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How to Build a Sod House


This is a letter to my son, Thomas Kerns, grade 5 (1966) for a school project. It was written by my father, Robert Orloff Dragoo, whose parents homesteaded in Perkins County, South Dakota in 1910, when he was 9 years old.

I can’t qualify as an expert at building a sod house, but I can remember some experiences that have to do with building one, for my folks built one in 1910 and I built one in 1933.

To begin with you must find the proper kind of sod, something that has a dense, continuous mat of roots. Many of the homesteaders chose a draw that had a growth of what we called "red top grass". You could get good sod for convenience in handling and building but the dirt in the roots would not stand up long under wind and rain. My dad, after the first couple loads followed some old timers’ advice and went down along the creek, beside a water hole and got what we called "alkali sod". Long course marsh grass, with a heavy root system grew there, and when it dried, it turned almost white with alkali and baked almost as hard as a brick. For years we hung coats on nails driven into the sod wall and for over sixty years the walls withstood rain and wind erosion with no protective coating. (Note: as of 1997, the house is still standing.) The sods were so wet that water almost ran down the furrow from which they were taken. The grass grew back and 23 years later I took a second crop of sod from the same place.

The requirement was a plow and team of horses—tractors were unknown in 1910 and they would have mired down if they had been there. The steadier the team, the more uniform the furrow and the sod that was turned over.

The plow was made different from the plows of later years, a "breaker moldboard". Today’s plows have a twist to the moldboard that breaks up the soil as it passes across the moldboard. The "breaker" plows were twisted just enough to lay the sod over in one long strip—ideally from one end of the field to the other. Those designed for heavy work had a heavy oak beam of about a "4 x 6" about 6 feet long. The one my dad had was a light plow—a "Blue Bird Rod-breaker" with a moldboard consisting of 4 rods each about 5/8" thick adjusted to different angles of turning. A gauge wheel on the beam kept the plow at the proper depth. If the horses walked straight enough it cut a sod of about 12" wide.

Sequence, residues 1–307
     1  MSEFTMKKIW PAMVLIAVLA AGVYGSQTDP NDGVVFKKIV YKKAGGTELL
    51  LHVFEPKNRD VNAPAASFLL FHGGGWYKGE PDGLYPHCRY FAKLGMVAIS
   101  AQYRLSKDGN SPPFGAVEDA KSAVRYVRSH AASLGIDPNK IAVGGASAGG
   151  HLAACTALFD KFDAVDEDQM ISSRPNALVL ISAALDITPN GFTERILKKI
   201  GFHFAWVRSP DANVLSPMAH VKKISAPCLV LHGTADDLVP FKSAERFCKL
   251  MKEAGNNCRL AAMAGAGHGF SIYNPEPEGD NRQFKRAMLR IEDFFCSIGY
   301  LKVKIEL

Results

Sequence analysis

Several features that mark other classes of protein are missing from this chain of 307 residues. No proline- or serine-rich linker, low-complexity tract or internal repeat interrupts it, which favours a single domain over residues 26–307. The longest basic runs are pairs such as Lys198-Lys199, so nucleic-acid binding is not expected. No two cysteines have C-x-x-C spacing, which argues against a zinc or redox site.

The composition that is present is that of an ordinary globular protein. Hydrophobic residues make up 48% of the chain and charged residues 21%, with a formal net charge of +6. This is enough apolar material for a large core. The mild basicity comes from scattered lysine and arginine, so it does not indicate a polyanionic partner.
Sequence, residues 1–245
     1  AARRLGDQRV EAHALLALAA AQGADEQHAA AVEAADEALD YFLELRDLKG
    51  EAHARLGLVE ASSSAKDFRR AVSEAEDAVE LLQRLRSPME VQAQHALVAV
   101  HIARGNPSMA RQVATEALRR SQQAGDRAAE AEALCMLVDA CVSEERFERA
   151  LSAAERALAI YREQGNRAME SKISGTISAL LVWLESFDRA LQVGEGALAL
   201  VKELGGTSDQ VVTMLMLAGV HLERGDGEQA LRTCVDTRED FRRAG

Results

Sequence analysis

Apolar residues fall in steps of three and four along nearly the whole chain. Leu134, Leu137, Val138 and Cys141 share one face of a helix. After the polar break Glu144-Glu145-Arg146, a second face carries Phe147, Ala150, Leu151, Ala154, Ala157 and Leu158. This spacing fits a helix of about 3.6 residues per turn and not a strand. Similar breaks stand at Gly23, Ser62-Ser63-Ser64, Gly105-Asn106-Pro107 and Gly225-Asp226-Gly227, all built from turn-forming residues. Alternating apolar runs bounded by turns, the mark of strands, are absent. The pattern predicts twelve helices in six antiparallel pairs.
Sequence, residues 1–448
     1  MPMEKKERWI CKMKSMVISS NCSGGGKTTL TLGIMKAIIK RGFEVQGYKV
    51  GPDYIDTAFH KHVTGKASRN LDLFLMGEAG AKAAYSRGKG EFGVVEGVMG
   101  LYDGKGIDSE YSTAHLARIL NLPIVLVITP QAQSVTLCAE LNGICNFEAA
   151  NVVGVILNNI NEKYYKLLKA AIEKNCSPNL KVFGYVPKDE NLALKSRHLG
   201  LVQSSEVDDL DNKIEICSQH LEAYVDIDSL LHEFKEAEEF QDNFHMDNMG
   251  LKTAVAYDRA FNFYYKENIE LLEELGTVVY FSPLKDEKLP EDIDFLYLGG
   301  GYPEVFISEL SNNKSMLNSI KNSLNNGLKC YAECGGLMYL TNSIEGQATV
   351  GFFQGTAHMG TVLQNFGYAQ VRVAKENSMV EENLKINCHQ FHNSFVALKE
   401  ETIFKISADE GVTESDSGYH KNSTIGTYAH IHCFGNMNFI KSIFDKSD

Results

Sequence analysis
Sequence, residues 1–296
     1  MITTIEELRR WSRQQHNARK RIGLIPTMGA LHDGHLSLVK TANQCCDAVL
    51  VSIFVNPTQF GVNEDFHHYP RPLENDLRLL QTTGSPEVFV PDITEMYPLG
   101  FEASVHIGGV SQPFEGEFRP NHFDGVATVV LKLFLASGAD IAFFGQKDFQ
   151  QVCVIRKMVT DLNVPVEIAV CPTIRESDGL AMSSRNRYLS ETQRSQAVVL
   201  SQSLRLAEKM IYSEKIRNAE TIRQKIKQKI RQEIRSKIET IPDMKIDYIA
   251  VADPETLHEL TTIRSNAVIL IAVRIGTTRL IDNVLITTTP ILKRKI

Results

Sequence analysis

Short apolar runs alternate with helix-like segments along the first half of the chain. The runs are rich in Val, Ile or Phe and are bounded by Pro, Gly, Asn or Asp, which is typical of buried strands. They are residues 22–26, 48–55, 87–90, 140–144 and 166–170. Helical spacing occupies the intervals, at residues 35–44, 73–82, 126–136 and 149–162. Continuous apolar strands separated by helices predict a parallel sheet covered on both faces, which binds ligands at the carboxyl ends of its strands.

The furrow is turned and hopefully in one long strip 12" wise, about 4" thick and as long as possible. A piece of board a little more than 2 feet long was used for measuring. A sharp spade cut the furrow into 2-foot long chunks plus a little for trimming and lost of plain back muscle loaded them on the wagon. I weighed two that went into my house in 1933. One weighed 104 pounds, the other 106 pounds. 110 loads of sod went into my Dad’s house.

 Dad used sand rocks (sandstone) for foundations—a mistake because they gave way and eroded. A cement footing is better. When the first layer of sod was down it was trimmed exactly 2 feet in length using a 2 x 4 to trim the sods, leaving a straight, clean-cut wall. 

Each sod, after the first layer, was placed over the joint made by the sods underneath; at the corners, one layer was laid in one direction in one layer and in the other direction in the layer above. These precautions were taken so that no two joints in the sod were directly above one another, helping to bind the walls together to prevent cracking as it dried and settled.

Door frames and window frames, made of 2" by 12" material were placed at proper levels, each having a 2" x 2" nailed on the outside of the frame in the middle. The sod next to the frame had to be notched to fit this 2" x 2". This kept the frame from tipping in or out. About 6" above the frame 2" by 12" planks had to be laid across to the sods on each side to receive succeeding layers of sod. This was to allow for settling of the sods. Not much space would be left after the walls were dry.

 On the house my father, your great-grandfather built, the roof was a conventional type, with rafters, boards and roofing. On the house I built, I put heavy beams across to support the weight, the main one with a truss, put on rafters, boards on the rafters, tarpaper on the boards, then about three inches of the stickiest, gumbo-iest clay I could find. This gumbo-clay shed water and provided excellent insulation both summer and winter.

 The floor of our house was made of cement.

 It was in 1933 that I built our house and some people will remember that money was very scarce in those days. (By using materials in an old shack that had stood empty for ten years and by using odds and ends from other sources, the total cash outlay for a house with two rooms—one 16’ by 16’ and the other 10’ by 16’, was $72.00). Because money was so scarce, I plastered the house inside with a mixture of one part clay and 4 parts sand from a particular sank bank found high on the side of a butte. But we had to wait until the walls dried before we could plaster. During this time of drying, the grass started to grow from the sides; we let some grow just to see how long it would get before lack of moisture killed it. About two feet! Real decorations for a room at Christmas time!

 Well, that about tells the story, Tom. Except for this: the house my father built in 1910 is still standing after 56 years. (Note: It is still standing in 1997.) You saw it this summer I think.

Your mother moved into our sod house when she was about seven months old. Your Aunt Alice and Betty were born in it. I rather suspect you wanted a letter you could read to your class. You have my permission to read this if you want to.

Merry Christmas, Tom.....and to all the rest of the family.



© 1997 Lily M. Kerns; Teachers may reproduce this material for their classes. All other rights are reserved.